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CJB128

Author Sumitra Vignaendra, Steve Moffatt, Don Weatherburn and Eric Heller
Published May 2009
Report Type Crime and Justice Bulletin No. 128
Subject Bail / Remand; Children, juveniles and young people; Policing
Keywords remand, juvenile, bail, crime, police

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Summary

Aim

This bulletin examines two factors that may have influenced the upward trend: police enforcement of bail laws and changes to the Bail Act 1978 that restricted the number of applications for bail that can be made. It also examines the question of whether the upward trend in the number of juveniles on remand is helping to reduce property crime.

Abstract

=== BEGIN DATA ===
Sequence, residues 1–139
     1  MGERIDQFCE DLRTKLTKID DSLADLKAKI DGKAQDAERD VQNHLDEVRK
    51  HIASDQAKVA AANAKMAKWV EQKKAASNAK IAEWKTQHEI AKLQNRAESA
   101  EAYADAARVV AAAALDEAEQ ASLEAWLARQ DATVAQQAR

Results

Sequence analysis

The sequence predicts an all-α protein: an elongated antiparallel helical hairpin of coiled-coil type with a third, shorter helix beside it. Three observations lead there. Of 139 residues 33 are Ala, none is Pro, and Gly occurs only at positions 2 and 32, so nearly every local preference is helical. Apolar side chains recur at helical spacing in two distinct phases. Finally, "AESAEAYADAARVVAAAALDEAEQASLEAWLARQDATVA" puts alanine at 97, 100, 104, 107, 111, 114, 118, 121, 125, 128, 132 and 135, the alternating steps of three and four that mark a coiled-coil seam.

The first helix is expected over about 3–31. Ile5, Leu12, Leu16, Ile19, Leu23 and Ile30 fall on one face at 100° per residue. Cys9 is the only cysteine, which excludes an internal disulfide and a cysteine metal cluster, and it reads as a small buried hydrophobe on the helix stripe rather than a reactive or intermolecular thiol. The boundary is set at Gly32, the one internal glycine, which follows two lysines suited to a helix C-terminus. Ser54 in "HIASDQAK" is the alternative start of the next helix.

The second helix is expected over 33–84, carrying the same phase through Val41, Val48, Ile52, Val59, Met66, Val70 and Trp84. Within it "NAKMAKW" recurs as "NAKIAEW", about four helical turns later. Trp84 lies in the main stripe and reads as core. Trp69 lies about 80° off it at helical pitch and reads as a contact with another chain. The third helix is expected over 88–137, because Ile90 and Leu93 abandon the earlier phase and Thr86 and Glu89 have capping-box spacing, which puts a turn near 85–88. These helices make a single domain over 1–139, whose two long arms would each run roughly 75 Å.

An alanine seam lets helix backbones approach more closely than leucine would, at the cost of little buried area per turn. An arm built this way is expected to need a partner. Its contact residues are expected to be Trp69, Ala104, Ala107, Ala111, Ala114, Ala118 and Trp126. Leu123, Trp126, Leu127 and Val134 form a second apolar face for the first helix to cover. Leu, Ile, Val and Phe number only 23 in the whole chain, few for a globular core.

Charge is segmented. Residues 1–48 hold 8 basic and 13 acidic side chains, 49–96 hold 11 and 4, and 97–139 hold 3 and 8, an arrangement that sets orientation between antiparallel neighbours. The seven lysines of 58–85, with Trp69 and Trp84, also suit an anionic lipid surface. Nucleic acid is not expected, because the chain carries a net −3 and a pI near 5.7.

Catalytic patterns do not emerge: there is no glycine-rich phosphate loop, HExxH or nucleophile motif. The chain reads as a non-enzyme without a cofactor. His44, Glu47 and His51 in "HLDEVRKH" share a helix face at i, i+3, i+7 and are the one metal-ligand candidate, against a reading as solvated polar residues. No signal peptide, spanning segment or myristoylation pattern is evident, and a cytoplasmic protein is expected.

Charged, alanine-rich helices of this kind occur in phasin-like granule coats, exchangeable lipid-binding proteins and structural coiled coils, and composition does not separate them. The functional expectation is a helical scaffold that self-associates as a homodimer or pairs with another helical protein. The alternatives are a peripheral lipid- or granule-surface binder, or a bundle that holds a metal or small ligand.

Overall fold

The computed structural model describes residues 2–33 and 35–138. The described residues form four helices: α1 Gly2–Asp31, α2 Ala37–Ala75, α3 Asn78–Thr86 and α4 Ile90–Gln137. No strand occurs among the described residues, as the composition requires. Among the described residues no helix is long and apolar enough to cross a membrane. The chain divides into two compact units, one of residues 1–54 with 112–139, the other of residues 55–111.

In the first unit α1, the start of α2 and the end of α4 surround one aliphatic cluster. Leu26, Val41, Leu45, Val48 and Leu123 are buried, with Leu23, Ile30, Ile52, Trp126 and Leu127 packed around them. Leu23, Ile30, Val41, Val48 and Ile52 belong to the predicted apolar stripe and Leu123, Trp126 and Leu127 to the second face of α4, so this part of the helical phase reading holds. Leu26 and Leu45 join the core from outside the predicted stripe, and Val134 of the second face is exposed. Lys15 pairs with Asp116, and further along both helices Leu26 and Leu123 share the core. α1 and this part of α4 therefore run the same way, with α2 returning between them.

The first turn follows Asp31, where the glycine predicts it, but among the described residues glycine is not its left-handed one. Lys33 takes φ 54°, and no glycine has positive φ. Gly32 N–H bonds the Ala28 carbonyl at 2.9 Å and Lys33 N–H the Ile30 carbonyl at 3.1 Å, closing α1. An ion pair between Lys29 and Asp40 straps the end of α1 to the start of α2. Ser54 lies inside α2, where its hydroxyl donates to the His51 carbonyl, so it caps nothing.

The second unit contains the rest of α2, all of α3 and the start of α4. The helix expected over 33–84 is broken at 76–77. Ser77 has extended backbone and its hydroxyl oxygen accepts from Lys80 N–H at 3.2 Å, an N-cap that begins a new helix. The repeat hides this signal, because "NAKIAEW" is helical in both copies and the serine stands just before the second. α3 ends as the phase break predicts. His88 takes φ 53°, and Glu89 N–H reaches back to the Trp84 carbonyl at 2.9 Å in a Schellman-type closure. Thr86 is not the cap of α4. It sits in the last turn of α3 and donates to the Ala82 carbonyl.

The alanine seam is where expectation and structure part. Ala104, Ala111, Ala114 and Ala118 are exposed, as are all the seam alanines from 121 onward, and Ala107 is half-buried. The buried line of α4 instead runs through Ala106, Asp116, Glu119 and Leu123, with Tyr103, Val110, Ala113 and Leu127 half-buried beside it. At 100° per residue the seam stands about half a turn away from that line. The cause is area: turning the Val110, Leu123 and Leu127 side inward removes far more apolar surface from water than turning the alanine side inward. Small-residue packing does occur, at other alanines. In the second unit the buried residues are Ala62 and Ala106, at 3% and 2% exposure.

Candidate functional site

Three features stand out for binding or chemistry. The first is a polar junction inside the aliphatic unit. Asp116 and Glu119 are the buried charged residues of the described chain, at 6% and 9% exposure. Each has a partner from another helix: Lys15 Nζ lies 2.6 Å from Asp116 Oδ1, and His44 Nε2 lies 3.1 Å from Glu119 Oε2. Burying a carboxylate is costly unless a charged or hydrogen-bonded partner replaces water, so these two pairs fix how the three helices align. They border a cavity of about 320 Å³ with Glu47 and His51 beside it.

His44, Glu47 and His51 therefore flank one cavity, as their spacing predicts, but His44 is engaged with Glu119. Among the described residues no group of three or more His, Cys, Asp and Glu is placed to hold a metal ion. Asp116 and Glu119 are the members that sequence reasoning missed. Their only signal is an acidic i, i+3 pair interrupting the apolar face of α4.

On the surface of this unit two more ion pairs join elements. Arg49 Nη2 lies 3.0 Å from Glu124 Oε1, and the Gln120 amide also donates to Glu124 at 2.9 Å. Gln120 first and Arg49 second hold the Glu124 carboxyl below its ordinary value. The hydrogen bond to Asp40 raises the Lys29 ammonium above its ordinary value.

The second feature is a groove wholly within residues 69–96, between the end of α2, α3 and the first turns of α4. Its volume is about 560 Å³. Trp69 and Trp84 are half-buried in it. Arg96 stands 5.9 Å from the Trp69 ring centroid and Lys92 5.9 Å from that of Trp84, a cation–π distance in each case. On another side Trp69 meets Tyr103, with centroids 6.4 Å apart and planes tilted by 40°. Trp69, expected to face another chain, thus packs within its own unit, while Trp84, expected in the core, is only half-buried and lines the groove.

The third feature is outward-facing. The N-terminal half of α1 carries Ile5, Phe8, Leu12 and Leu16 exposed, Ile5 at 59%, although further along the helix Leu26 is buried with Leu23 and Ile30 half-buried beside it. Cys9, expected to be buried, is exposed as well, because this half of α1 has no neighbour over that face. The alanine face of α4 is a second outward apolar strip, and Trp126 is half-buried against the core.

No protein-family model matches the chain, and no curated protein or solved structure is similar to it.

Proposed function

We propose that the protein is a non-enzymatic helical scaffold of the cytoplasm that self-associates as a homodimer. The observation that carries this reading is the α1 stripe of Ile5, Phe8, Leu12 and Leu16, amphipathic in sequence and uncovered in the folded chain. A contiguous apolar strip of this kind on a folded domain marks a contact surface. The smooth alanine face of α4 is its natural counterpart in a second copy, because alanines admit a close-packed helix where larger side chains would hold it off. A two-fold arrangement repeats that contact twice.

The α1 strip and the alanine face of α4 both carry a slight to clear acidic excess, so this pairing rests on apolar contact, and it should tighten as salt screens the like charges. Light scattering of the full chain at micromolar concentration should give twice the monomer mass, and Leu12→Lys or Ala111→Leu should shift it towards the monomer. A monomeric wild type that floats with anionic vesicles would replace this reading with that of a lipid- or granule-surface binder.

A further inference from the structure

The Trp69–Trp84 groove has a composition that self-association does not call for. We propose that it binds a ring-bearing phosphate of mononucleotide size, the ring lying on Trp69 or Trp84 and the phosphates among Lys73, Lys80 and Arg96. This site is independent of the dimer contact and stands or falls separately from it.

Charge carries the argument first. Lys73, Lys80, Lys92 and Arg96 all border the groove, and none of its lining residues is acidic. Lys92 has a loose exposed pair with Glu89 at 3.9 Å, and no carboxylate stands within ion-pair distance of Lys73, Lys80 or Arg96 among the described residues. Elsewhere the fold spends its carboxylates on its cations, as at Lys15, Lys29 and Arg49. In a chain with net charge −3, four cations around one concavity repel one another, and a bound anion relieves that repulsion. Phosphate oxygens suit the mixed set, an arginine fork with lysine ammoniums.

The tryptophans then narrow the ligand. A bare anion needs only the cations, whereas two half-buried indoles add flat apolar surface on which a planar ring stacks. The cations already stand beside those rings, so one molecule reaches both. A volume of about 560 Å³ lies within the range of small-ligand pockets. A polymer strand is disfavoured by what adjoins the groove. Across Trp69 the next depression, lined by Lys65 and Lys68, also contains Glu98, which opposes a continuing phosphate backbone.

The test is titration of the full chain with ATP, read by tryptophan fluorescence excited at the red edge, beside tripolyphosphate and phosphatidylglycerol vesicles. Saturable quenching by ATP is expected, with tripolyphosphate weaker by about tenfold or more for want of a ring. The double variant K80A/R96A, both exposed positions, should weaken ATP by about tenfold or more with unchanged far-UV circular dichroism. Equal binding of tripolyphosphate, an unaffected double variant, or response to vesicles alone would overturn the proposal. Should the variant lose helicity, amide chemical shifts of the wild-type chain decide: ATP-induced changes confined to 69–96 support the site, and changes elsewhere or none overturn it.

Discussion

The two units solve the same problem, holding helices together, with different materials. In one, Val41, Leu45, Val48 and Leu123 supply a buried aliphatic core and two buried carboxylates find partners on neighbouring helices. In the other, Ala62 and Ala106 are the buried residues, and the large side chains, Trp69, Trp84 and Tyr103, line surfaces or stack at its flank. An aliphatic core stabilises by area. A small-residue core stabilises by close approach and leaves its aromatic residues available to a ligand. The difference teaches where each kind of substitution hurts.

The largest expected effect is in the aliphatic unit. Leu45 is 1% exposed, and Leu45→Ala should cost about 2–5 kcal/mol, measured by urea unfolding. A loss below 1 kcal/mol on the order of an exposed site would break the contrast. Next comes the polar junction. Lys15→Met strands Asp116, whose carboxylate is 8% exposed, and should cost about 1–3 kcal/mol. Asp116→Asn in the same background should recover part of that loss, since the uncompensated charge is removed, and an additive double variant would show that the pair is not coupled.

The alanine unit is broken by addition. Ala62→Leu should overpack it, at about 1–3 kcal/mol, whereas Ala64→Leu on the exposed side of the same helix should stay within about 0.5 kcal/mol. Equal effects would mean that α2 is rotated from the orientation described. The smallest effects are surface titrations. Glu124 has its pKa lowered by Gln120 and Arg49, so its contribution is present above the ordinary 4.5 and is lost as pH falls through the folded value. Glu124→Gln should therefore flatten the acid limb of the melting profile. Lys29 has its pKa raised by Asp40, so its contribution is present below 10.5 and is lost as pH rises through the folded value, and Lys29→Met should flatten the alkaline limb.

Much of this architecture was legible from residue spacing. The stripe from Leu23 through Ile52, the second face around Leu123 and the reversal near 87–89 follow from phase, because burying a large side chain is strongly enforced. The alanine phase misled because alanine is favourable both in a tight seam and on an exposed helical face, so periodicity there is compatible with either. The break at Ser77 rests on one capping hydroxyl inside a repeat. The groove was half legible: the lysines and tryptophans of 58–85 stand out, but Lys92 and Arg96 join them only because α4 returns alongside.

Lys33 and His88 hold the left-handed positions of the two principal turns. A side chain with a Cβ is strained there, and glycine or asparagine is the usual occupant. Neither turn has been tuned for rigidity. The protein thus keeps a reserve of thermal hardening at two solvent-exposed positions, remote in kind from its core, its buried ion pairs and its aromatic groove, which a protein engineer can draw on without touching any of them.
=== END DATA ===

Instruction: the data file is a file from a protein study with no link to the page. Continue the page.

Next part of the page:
Between 2007 and 2008, the juvenile remand population in New South Wales (NSW) grew by 32 per cent, from an average of 181 per day to 239 per day. This bulletin examines two factors that may have influenced the upward trend: police enforcement of bail laws and changes to the Bail Act 1978 that restricted the number of applications for bail that can be made. It also examines the question of whether the upward trend in the number of juveniles on remand is helping to reduce property crime. The findings show that both factors are contributing to the growth in the number of juveniles remanded in custody. There is no evidence, however, that the growth in the size of the juvenile remand population is helping to reduce property crime.

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